It is no exaggeration to state that absolutely everything is wrong with the food that we eat nowadays, the way it is grown, the way it is processed and packaged, and the way it has become scarce and inaccessible to eight hundred million of the worlds population and counting. Food Banks are now a common feature in our cities and towns, they represent the front line, the emergency services that fed over a million families in the UK between 2014-15. Along with the food banks there are lots of other smaller community based food projects that feed people with hot meals on a regular basis.
Without going too far into the complexities of economics and its interconnected intricacies it is fair to say that industrial food production and the relentless drive for profit fuelled by so called economic growth in a world of finite resources is one of the major factors in addressing the multiple issues relating to our food. In terms of our own social food crisis on a micro level people are not eating because of ideologically imposed austerity measures, pay cuts and freezes to wages, and of course it is no surprise that this is the same people who are running our industrial food complexes. The Neoliberal capitalist on steroids is killing both people and planet in the name of profit, and it wont stop unless we make it stop.
Farmers are pushed into poverty by supermarkets, food production workers are low paid and work long hours. Our colossal agricultural systems are responsible for the continual degradation of land and soil through the relentless and repetitive mono cultural approach to food production where soils are kept artificially alive with petroleum based fertilisers. Aside from these structured systemic problems we also have the predatory and aggressive companies that produce genetically modified seeds pushing for control of global seed supplies.
Animals are reared in cramped overcrowded conditions, are force fed food that isn’t part of their natural diet, and at the end of their lives they queue to be slaughtered and processed in the same casual manner that cherries are put on top of cakes on a production line. On top of this modern day industrial animal husbandry is responsible for greater levels of climate change emissions that that of fossil fuels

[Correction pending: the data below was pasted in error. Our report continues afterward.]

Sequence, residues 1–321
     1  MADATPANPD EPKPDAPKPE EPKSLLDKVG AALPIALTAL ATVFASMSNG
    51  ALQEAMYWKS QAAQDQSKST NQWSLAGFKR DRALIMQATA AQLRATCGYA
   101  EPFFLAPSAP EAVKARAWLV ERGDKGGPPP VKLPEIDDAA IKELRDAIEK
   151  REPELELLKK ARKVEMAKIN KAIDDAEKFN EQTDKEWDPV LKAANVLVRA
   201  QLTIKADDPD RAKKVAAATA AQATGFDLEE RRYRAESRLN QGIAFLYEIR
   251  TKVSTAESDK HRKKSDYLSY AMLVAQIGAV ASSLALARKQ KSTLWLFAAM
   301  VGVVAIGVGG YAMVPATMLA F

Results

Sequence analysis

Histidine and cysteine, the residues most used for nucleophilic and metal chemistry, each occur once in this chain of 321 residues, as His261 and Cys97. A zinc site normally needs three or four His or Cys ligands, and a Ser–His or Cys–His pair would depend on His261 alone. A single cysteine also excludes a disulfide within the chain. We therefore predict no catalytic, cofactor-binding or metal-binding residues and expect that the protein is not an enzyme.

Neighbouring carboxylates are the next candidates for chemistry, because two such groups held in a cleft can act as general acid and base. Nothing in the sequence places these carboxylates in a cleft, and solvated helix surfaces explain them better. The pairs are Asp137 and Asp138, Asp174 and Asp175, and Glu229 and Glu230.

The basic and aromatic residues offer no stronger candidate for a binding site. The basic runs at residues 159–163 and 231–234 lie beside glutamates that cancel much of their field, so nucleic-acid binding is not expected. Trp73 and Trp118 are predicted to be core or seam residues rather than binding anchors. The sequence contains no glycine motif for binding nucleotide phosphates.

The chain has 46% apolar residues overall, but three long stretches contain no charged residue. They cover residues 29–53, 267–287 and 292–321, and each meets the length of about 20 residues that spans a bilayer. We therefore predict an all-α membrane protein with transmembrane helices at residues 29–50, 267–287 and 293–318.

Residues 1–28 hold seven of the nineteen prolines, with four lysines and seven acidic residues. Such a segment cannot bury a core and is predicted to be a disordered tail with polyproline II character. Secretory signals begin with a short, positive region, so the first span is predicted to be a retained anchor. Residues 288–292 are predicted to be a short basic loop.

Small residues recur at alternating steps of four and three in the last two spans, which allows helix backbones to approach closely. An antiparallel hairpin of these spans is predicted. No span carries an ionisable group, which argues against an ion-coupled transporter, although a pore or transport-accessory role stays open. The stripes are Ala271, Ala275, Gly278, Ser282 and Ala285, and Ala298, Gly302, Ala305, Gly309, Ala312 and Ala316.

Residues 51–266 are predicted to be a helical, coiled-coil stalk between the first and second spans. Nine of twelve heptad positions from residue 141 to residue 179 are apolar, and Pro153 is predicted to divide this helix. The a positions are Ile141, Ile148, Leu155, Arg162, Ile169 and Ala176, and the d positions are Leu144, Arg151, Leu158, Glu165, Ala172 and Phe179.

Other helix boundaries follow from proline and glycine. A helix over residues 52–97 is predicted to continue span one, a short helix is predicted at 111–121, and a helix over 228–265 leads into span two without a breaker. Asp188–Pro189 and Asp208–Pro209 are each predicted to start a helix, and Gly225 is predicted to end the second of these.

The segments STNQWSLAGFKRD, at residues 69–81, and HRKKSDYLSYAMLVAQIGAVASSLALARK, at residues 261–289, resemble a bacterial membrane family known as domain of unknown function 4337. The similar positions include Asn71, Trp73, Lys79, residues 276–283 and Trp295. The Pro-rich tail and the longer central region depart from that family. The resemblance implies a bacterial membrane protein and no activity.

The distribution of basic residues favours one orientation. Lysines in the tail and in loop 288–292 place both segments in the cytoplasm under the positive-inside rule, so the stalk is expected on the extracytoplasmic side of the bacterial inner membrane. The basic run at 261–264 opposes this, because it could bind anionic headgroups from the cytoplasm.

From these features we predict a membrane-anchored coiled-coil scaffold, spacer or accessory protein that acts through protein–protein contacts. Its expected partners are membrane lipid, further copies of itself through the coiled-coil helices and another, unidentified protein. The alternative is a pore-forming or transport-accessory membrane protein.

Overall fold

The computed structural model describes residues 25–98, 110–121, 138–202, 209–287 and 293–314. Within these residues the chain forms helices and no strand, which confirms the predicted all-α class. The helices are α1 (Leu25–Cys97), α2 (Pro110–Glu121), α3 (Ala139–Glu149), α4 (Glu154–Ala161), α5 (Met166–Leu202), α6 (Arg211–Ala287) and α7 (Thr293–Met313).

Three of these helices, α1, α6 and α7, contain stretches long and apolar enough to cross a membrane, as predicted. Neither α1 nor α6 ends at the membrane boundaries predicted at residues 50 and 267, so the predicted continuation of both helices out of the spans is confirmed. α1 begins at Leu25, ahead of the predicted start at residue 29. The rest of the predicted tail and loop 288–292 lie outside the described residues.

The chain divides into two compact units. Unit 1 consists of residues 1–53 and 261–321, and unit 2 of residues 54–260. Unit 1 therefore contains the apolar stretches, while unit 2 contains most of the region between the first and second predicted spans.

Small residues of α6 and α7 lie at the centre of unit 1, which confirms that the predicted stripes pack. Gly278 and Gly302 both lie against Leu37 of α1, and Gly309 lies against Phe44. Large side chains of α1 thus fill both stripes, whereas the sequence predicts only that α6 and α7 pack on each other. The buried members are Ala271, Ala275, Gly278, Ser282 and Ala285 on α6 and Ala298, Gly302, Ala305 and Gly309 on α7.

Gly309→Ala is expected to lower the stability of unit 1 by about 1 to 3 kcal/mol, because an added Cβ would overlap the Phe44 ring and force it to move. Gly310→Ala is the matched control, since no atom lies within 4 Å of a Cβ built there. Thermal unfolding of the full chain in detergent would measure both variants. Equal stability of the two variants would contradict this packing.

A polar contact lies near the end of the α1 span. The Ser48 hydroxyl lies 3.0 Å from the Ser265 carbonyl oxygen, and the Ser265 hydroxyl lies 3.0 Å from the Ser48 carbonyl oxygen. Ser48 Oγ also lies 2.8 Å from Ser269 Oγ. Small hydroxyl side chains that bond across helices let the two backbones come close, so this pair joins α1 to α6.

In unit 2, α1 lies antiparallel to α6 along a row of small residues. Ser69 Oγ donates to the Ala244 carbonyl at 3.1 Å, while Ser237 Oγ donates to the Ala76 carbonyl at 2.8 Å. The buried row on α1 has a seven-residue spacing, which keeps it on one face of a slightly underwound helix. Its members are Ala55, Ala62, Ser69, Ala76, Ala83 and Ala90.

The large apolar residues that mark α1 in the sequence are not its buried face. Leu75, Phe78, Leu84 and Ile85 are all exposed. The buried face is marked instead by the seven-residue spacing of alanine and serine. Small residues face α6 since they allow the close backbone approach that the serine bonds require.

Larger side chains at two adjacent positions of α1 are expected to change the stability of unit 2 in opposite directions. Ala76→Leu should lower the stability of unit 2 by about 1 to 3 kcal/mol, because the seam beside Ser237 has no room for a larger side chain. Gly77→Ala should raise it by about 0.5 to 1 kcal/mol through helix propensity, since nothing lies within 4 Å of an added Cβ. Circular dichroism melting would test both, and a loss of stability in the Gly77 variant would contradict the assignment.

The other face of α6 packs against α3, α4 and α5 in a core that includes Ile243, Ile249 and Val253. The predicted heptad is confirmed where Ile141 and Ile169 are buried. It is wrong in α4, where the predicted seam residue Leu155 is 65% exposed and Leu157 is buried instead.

Thinking about food on a cultural level many local dishes stand the test of time and are passed on from generation to generation, but this is dying off slowly but surely. We eat too much cheap take away food, too much processed food and anything that is convenient.
Foods that were once seen as a treat are now consumed as meals on a daily basis, this can be said in the huge rise in meat eating over the last four decades. For many nowadays cooking with fresh produce is alien in our fast food processed service culture, either because people cant cook, cant afford the gas to cook with or both.
Like most other things that people used to do with their hands, cooking and food became a cultural commodity to be processed and packaged. We were cajoled away from cooking with fresh ingredients. all of a sudden, after thousands of years of making, preparing and eating our food we didn’t, as the advertisers told us, have time to cook a proper meal any longer.
Microwave TV dinners, things that you pour hot water over to inflate into a meal, soups made with dry over salted powder and a dozen E numbers, our bread covered with spread only one molecule away from plastic, soft drinks that make great drain cleaners, anything but real fresh home cooked food!
A simple but powerful local solution.
The most direct way that we can address these multiple issues is by growing some of our own food at home, many people have gardens, have allotment plots, are part of community and local gardening groups. The benefits of growing our own food at home are many, the cost is virtually nothing, we can make great meals and dishes, the health benefits of eating our own cleanly grown produce straight out of our garden comes free of charge, and with a little application of care in our gardening methods no harm is done to the land on which we grow our food, whilst at the same time encouraging greater fertility.
The next Level, are you coming?
If we take this a step further and start to generate a broader interest about growing within our communities by helping people to grow their own, by sharing skills and produce we can really start to take control of the food that we eat and ensure that nobody ever goes without eating, regardless of economic factors personal or external. We can create local food supplies, we can generate quality horticultural employment, and we can take our food back from the stainless steel provider, but If we fail to grow our own food we are at the mercy of the market and a ruthless uncaring political ideology that is only concerned with ever greater profits at any expense. It is time!